Entire organisms have yet to be created from scratch, although living cells can be transformed with new DNA. Several ways allow constructing synthetic DNA components and even entire synthetic genomes, but once the desired genetic code is obtained, it is integrated into a living cell that is expected to manifest the desired new capabilities or phenotypes while growing and thriving. Cell transformation is used to create biological circuits, which can be manipulated to yield desired outputs.
Natural proteins can be engineered, e.g., by directed evolution, novel protein structures that match or improve on the functionality of existing proteins can be produced. One group generated a helix bundle that was capable of binding oxygen with similar properties as hemoglobin, yet did not bind carbon monoxide. A similar protein structure was generated to support a variety of oxidoreductase activities. Another group generated a family of G-protein coupled receptors that could be activated by the inert small molecule clozapine-N-oxide but insensitive to the native ligand, acetylcholine.
Researchers and companies practice synthetic biology to synthesize enzymes with high activity, optimal yields and effectiveness. These synthesized enzymes aim to improve products such as detergents and lactose-free dairy products, as well as make them more cost effective.
The improvements of metabolic engineering by synthetic biology is an example of a biotechnological technique utilized in industry to discover pharmaceuticals and fermentive chemicals. Synthetic biology may investigate modular pathway systems in biochemical production and increase yields of metabolic production. Artificial enzymatic activity and subsequent effects on metabolic reaction rates and yields may develop "efficient new strategies for improving cellular properties ... for industrially important biochemical production".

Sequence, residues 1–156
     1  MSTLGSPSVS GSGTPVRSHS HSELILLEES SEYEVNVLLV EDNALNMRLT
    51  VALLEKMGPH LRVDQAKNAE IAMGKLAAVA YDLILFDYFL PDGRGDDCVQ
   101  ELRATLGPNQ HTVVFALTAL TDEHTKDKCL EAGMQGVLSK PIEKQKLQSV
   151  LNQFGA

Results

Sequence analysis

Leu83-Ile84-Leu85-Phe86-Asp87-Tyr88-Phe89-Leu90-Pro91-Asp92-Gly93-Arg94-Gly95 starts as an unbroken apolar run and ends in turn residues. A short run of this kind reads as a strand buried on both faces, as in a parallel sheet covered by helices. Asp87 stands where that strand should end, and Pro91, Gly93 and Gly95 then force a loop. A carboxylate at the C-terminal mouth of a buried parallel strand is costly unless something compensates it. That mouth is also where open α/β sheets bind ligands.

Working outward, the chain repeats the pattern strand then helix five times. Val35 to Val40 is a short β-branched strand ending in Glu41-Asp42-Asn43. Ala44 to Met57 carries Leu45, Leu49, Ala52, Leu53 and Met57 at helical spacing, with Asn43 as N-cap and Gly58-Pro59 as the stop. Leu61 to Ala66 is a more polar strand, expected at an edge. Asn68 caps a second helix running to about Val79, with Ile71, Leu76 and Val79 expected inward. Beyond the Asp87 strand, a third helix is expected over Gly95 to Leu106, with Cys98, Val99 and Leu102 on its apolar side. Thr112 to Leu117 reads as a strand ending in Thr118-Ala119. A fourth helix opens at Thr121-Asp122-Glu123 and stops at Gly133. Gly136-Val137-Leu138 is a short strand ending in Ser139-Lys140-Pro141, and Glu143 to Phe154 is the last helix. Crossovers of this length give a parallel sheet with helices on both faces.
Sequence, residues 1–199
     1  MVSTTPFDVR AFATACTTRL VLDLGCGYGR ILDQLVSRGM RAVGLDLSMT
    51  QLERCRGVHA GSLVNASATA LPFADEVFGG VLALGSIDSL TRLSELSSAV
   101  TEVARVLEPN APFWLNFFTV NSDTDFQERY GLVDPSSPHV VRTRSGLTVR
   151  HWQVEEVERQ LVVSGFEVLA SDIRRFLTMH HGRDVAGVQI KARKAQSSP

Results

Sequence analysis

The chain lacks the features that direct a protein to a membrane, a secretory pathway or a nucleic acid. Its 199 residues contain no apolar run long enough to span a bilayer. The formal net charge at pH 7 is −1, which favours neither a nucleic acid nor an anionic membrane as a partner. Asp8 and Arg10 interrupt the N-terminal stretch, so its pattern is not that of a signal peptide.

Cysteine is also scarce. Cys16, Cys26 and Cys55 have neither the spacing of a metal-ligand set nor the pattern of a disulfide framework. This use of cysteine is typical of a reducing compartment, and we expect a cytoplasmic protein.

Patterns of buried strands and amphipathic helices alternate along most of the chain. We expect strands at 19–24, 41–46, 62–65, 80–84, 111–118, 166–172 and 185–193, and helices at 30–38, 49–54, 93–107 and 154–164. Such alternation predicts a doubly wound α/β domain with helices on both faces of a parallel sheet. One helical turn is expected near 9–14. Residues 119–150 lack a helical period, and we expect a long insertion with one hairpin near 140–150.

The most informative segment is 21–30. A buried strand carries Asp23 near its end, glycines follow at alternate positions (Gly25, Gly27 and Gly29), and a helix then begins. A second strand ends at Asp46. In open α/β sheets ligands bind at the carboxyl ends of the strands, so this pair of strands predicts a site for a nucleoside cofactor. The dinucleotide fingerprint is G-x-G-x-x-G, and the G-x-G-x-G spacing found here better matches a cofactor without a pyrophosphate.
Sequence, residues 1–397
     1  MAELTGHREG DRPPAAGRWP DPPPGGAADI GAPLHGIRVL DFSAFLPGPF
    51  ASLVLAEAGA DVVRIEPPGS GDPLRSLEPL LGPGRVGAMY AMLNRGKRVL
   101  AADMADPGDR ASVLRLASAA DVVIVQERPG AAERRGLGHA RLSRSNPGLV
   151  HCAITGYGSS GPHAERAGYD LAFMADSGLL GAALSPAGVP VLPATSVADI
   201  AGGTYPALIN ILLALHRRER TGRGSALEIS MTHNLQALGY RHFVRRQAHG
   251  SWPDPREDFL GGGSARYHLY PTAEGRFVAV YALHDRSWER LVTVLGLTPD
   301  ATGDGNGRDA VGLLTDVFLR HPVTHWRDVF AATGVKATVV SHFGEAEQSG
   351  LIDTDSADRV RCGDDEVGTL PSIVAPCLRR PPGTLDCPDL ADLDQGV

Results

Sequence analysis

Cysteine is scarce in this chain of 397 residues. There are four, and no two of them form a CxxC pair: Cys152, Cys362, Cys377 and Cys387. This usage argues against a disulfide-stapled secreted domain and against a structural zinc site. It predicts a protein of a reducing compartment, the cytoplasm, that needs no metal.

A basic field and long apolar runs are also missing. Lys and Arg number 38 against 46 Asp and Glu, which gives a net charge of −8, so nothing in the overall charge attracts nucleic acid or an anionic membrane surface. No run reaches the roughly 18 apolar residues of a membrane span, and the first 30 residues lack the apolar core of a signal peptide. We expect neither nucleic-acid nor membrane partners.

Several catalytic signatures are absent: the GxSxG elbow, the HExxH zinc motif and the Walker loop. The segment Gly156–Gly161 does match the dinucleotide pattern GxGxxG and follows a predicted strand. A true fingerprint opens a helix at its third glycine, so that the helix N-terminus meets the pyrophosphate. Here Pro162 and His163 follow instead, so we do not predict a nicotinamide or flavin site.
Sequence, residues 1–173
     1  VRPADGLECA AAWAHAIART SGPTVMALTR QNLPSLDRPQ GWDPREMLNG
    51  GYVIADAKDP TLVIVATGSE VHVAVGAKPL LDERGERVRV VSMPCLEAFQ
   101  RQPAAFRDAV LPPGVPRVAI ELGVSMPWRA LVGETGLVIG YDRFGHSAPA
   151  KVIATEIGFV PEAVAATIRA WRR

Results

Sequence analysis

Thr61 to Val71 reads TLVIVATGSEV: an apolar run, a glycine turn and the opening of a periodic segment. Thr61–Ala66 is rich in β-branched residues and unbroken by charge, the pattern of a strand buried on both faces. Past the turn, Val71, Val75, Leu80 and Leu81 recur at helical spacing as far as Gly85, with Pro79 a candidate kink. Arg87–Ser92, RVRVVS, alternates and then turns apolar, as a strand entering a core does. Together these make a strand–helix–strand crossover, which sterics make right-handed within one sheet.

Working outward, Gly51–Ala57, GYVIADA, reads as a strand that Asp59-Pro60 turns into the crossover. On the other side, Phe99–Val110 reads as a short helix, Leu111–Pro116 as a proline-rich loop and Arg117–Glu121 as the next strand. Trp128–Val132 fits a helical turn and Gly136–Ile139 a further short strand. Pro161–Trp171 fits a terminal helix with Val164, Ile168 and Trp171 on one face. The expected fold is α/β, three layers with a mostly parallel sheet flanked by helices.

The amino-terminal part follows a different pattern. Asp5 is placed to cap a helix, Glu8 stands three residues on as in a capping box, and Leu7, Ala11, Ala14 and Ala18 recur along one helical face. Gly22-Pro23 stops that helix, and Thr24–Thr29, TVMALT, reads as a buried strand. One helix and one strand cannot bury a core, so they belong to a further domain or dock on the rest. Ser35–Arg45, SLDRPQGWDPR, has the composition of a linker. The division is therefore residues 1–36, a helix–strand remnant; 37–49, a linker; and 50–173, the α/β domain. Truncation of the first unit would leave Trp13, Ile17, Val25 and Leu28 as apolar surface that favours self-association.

Scientists can encode digital information onto a single strand of synthetic DNA. In 2012, George M. Church encoded one of his books about synthetic biology in DNA. The 5.3 Mb of data was more than 1000 times greater than the previous largest amount of information to be stored in synthesized DNA. A similar project encoded the complete sonnets of William Shakespeare in DNA.
By integrating synthetic biology with materials science, it would be possible to use cells as microscopic molecular foundries to produce materials with properties whose properties were genetically encoded. Re-engineering has produced Curli fibers, the amyloid component of extracellular material of biofilms, as a platform for programmable nanomaterial. These nanofibers were genetically constructed for specific functions, including adhesion to substrates, nanoparticle templating and protein immobilization.